So. Travelling in time. Ah, to be fourteen-year old again. To find yourself in your family home, with your mum and dad and little sister and granny. To go to your old high school, seeing old friends, allowing yourself this time to fall in love with a beautiful classmate. Leaving behind, that is, far in the future, your wife and children. Wondering if they are worrying about you, whether you’ll ever see them or, indeed, whether you’ll ever have a wife and children.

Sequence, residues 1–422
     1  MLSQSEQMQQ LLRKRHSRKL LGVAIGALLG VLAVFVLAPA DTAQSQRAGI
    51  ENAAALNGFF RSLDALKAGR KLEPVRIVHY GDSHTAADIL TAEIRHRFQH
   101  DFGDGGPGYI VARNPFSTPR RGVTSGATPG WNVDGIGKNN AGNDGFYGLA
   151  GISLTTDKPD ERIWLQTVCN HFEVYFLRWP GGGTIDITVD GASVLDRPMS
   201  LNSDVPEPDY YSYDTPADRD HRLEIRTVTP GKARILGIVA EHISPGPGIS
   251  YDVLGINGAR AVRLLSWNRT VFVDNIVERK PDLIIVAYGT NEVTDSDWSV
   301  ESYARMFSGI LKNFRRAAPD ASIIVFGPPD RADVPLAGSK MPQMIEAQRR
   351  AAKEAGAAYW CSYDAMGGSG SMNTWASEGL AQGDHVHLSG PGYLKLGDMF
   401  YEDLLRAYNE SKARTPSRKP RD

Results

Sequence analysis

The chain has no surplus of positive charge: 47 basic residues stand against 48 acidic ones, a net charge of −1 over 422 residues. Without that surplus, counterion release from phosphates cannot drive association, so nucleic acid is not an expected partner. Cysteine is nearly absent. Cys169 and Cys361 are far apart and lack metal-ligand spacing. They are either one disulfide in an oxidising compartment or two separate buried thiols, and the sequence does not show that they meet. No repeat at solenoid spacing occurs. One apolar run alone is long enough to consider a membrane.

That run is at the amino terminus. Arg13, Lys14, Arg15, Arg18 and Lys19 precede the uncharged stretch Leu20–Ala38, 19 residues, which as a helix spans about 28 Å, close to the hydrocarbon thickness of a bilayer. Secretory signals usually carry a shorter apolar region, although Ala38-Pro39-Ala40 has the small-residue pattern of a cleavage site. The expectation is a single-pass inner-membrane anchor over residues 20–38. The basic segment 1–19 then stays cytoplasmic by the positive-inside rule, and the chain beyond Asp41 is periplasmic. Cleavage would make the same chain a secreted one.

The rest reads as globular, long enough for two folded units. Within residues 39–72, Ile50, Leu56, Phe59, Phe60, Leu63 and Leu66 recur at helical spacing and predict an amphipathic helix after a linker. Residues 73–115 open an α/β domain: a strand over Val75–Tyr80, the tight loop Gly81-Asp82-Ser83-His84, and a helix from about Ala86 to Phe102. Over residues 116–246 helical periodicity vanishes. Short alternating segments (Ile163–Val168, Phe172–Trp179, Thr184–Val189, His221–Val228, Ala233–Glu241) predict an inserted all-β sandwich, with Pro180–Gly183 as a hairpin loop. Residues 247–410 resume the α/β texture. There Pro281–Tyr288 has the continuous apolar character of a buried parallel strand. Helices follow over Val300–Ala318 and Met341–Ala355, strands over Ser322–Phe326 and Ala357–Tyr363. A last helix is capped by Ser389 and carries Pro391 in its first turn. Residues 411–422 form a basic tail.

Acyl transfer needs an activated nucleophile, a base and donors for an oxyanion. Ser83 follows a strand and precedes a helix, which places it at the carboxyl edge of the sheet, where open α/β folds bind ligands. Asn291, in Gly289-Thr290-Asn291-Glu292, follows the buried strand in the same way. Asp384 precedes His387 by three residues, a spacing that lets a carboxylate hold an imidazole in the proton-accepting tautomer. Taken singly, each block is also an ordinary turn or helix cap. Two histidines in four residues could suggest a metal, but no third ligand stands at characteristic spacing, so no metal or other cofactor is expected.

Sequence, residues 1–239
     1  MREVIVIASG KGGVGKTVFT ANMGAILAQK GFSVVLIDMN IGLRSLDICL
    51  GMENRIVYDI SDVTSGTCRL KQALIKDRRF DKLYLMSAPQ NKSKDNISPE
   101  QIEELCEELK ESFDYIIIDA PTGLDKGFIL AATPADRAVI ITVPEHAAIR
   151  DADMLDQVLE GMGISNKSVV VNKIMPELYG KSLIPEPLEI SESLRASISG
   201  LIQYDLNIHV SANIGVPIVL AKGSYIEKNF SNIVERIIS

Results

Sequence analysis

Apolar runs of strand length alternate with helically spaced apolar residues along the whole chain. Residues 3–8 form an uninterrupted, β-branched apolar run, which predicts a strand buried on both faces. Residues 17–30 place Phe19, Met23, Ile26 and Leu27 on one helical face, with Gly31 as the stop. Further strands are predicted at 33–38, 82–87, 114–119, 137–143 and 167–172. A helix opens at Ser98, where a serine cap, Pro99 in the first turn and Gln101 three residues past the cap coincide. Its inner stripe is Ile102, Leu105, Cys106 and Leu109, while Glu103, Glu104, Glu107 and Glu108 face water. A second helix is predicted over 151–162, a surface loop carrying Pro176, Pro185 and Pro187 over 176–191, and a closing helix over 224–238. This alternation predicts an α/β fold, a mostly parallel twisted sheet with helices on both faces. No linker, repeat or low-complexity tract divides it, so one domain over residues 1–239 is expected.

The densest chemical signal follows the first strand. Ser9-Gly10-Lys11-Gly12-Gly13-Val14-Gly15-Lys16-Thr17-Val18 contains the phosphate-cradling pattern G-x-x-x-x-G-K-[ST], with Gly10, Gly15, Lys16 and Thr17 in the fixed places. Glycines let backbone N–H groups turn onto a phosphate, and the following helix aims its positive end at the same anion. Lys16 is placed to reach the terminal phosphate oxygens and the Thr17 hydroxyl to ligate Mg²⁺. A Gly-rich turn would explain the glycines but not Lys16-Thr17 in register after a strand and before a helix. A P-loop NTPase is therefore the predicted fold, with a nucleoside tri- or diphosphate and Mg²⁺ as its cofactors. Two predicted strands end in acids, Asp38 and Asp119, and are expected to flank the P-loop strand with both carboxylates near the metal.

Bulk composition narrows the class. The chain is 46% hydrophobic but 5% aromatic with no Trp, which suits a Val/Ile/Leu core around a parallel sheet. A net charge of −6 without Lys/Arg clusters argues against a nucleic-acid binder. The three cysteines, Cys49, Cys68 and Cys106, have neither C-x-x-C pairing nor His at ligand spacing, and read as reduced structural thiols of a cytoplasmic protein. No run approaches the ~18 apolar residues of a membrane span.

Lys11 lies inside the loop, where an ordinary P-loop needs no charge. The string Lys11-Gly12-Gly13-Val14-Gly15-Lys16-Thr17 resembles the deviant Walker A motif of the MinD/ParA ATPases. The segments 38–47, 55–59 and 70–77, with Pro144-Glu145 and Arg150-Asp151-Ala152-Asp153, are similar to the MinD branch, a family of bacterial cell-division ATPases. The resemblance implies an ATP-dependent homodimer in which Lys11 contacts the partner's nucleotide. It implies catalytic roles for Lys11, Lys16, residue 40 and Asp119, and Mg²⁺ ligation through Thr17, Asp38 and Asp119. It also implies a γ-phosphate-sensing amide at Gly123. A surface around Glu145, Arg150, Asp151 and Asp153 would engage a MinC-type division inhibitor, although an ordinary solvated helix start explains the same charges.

Hiroshi tries to change his present by changing his past, and also doing his best not to change it. Naturally, you can’t do both things at the same time. You would need at least two time trips, and we all know how easy it is to hitch just one. More interesting dilemmas, apparently not involving any time travel, concern Hiroshi’s father. What happens if you live someone else’s life? It’s difficult to live, difficult — but not impossible — to escape.